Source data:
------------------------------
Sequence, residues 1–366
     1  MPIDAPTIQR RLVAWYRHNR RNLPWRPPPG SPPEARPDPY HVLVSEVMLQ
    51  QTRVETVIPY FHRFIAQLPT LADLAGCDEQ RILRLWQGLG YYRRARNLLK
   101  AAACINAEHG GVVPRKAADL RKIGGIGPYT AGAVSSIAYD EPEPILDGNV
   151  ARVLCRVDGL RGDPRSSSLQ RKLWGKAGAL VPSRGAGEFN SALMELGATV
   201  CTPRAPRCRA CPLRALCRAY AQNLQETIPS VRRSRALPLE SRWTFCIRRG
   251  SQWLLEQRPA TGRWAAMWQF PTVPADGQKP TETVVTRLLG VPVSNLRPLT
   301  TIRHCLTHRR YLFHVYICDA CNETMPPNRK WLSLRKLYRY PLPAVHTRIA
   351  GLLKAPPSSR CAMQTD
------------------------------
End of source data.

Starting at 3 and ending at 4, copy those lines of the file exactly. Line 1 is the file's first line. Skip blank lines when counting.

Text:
    51  QTRVETVIPY FHRFIAQLPT LADLAGCDEQ RILRLWQGLG YYRRARNLLK
   101  AAACINAEHG GVVPRKAADL RKIGGIGPYT AGAVSSIAYD EPEPILDGNV